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How to Meditate Your Way to Better Sex

For psychologist and neuropsychologist Marsha Lucas, complaints of a boring sex life are commonplace in her practice. She is constantly being asked the obvious question: “How do we spice up our boring sex life?”

When her answer is meditation instead of, say – find some erotic toys or wild games, not everyone is particularly convinced by that idea.

To most active adults, meditation and good sex may seem like two opposite ends of the spectrum; the former comparable to calm and still waters while the later a climatic and loud ripple (did you catch that wave?).

However, recent studies have shown that meditation and sex may just be compatible after all!  Its just that we simply misunderstood the relationship.

If you’re looking for a solid, scientific explanation to this sexual theory, it’s coming. An article on the Huffington Post reported that the brain reacts to meditation and sex similarly. During sex, the right hemisphere of the brain lights up; the same happens on the left hemisphere during meditation.

Teachings by the Indian guru Osho even disassociate orgasm from its sexual context, describing the experience itself as nonsexual and spiritual, even though it is achieved through the act of sex. This possibly reflects the Indian tradition of Tantra, which uses sex as a means to achieve spiritual enlightenment.

Marsha Lucas stresses how we should look beyond props and costumes to reignite the spark in the bedroom. People get confused between romance and sex! Better sex – good sex means being present physically, emotionally and mentally. She writes that “It’s about really showing up and tuning in, to the moment, yourself and your partner”.

To illustrate, Marsha cited a common scenario – in the heat of the moment, a lover worried about performance or appearance will cause the body to constrict blood vessels and reduce blood flow away from areas that most need it (for both men and women).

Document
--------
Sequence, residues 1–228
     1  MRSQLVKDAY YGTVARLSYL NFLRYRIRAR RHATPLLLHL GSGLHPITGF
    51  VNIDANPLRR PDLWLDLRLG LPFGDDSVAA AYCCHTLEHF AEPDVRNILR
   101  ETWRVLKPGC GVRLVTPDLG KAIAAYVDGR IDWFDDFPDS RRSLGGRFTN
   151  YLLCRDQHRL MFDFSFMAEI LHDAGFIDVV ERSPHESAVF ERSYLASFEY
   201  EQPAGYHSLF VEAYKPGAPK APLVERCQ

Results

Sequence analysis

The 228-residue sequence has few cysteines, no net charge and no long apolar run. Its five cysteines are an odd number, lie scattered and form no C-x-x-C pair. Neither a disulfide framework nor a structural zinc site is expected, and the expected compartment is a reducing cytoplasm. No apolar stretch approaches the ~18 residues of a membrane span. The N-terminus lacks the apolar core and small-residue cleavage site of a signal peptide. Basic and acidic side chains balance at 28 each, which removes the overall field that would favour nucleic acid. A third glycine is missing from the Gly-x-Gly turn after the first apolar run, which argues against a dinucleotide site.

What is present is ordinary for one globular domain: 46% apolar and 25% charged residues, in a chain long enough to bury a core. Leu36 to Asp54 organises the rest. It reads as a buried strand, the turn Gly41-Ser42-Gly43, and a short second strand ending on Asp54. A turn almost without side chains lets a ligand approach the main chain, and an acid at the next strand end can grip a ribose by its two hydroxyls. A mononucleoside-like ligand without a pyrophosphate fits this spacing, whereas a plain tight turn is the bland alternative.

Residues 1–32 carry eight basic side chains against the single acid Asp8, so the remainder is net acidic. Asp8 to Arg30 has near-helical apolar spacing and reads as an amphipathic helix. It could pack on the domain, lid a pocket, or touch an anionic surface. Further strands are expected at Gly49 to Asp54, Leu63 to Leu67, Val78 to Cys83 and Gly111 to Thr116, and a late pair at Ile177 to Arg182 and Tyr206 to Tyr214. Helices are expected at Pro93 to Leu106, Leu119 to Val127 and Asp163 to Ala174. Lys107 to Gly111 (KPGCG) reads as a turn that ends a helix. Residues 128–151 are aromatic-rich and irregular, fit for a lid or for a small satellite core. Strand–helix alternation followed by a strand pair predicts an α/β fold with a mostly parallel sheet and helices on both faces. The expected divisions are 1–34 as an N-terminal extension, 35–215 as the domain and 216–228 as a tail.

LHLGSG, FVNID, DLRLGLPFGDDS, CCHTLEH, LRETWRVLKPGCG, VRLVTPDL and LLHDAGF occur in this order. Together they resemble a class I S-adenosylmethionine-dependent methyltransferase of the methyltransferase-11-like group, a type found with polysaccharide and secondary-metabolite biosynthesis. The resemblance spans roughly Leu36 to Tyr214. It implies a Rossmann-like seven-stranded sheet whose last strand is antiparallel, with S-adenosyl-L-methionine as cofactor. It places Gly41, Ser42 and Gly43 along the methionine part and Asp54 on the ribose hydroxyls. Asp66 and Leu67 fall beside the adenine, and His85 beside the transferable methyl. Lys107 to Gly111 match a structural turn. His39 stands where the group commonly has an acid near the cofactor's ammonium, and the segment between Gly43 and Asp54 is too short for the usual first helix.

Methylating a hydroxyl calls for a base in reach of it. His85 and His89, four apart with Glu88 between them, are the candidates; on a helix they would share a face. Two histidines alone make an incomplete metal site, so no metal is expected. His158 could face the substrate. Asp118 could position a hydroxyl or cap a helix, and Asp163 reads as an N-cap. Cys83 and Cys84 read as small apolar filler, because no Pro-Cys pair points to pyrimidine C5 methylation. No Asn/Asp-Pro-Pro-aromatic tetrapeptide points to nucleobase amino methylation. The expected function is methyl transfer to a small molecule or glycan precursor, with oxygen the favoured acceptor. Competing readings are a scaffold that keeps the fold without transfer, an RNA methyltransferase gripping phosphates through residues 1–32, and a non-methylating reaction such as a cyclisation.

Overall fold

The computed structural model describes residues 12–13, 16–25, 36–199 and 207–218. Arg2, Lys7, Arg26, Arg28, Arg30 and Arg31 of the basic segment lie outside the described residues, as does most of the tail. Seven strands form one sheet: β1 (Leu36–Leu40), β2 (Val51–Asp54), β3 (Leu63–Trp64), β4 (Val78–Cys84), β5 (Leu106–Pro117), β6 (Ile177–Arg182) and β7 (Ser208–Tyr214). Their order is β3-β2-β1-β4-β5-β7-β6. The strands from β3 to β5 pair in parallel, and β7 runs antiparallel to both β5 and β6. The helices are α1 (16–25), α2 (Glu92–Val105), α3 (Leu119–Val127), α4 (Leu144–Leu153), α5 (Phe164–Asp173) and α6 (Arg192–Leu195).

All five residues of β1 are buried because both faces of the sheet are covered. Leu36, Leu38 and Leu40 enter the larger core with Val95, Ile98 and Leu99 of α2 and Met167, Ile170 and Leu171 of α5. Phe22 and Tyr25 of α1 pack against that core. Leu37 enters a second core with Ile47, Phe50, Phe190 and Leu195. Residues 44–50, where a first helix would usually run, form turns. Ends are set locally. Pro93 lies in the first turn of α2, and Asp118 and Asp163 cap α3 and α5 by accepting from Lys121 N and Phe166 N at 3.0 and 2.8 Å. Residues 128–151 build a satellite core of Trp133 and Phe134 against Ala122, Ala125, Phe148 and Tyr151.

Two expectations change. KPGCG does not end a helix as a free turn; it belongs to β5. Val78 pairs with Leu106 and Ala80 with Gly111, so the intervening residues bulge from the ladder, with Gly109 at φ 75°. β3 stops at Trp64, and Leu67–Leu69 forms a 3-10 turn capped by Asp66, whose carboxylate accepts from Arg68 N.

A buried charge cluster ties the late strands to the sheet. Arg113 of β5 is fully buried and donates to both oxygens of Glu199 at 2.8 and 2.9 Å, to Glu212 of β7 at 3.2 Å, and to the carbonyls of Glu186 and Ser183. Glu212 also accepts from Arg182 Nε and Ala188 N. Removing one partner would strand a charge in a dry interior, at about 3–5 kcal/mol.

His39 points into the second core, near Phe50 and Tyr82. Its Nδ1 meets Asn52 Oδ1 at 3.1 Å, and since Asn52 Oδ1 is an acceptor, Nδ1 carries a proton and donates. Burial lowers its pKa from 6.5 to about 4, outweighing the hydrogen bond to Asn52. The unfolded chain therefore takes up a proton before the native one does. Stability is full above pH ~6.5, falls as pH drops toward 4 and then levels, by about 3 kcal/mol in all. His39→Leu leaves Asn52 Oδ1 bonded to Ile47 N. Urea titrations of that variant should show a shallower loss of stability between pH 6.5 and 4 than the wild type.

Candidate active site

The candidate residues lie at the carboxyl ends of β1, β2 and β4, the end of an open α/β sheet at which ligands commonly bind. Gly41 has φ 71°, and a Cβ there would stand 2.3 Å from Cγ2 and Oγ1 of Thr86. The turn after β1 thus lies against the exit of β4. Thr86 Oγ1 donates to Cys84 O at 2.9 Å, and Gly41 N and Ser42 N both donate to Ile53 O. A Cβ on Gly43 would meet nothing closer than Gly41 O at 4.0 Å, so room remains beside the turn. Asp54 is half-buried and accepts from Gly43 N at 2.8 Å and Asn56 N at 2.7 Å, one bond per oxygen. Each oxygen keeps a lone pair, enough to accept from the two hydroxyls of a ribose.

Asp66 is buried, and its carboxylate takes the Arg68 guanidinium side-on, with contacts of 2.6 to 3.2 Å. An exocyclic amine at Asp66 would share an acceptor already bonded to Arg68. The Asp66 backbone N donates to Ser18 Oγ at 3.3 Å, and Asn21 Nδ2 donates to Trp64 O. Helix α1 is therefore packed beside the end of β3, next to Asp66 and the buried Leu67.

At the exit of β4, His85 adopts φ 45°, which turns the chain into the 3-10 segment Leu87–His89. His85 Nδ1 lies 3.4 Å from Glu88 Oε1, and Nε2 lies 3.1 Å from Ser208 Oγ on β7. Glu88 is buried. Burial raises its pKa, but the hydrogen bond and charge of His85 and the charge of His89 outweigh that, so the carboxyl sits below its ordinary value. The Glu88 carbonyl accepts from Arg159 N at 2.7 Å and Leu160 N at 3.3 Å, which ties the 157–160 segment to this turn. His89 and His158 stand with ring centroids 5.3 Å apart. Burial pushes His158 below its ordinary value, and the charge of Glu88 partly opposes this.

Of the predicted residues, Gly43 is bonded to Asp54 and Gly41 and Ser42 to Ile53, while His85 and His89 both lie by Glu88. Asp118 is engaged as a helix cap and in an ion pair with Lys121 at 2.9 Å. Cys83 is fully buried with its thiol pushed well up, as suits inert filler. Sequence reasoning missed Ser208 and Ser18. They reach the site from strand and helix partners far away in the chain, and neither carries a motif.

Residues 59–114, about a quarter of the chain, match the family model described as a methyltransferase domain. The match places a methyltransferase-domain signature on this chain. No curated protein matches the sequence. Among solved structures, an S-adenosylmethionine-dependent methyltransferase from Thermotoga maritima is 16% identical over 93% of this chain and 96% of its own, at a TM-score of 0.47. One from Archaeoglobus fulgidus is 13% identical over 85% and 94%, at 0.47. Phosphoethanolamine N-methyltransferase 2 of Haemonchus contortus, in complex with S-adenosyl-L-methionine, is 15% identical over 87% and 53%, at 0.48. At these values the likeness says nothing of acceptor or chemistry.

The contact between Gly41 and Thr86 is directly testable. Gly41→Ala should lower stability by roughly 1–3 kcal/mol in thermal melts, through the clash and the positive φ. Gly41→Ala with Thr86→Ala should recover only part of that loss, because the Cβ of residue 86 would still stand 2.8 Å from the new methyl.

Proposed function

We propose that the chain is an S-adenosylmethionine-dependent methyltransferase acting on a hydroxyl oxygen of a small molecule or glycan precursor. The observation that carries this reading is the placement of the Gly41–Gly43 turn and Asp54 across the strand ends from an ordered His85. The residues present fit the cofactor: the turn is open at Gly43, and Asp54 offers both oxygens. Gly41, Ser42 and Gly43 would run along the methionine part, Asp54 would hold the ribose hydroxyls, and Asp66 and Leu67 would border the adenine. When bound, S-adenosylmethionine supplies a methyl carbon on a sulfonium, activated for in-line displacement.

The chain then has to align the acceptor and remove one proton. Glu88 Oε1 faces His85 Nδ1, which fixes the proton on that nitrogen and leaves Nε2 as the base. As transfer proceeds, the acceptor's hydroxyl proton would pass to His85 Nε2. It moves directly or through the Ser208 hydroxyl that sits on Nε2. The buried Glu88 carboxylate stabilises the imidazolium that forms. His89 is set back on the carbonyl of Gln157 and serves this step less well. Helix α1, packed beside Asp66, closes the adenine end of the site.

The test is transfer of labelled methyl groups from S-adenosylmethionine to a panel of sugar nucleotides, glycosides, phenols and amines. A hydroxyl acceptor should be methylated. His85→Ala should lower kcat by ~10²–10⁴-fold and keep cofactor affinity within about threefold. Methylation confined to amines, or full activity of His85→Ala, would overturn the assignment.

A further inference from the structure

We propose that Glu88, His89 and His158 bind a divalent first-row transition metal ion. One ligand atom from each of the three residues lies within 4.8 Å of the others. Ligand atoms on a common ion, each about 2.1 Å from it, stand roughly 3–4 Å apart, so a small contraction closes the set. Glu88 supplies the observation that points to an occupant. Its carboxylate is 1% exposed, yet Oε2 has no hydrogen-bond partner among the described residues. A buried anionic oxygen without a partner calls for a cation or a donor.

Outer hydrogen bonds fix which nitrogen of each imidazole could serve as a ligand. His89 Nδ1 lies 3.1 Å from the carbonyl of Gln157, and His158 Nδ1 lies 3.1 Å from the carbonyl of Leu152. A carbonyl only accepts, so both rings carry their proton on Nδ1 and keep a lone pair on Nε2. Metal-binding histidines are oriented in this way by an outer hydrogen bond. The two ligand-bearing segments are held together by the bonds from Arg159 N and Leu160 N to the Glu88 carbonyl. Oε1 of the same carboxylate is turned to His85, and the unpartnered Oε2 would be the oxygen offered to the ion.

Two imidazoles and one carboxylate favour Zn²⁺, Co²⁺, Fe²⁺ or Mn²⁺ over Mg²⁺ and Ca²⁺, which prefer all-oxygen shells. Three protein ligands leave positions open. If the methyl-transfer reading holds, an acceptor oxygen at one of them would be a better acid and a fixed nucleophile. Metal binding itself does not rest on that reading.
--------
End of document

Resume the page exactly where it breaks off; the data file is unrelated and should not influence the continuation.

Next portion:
A (non-sexual) study by Harvard compared the brains of mindfulness meditators to those who didn’t meditate and found that the meditators had significantly thicker anterior insula. In short, a thicker insula enables information to be sent to the higher-level brain and stimulates it to respond more smoothly so that the stress chemicals would stop flowing. It also plays an important role in perceiving bodily experiences; especially the sensations that will help you express your emotions better with your body, making you a better, sensitive and attuned lover.

So what’s the Bottom line? Being wholly present and in harmony with your partner will increase the anterior insula in your brain and encourage blood to freely flow up and down your body. But “orgasm is no replacement for meditation“!

So the next time you or someone you know stumble’s across a road block in your sensual bliss, why not try giving meditation a go to improve your sex life?

If meditation is your thing, have you noticed a difference in your sex life through meditation? Or have we now inspired you to give it ago (and your partner’s) benefit?  If so, let us know your experiences or leave a comment below.

 

Source: Finerminds

Image 1: Indiatimes

Image 2: Veyromax

1 comment. Leave a Reply

  1. This does make sense about meditation to me, as they have always said the most important sex organ is the brain, so if you are relaxed then it follows that the sexual experience would be far more pleasurable!

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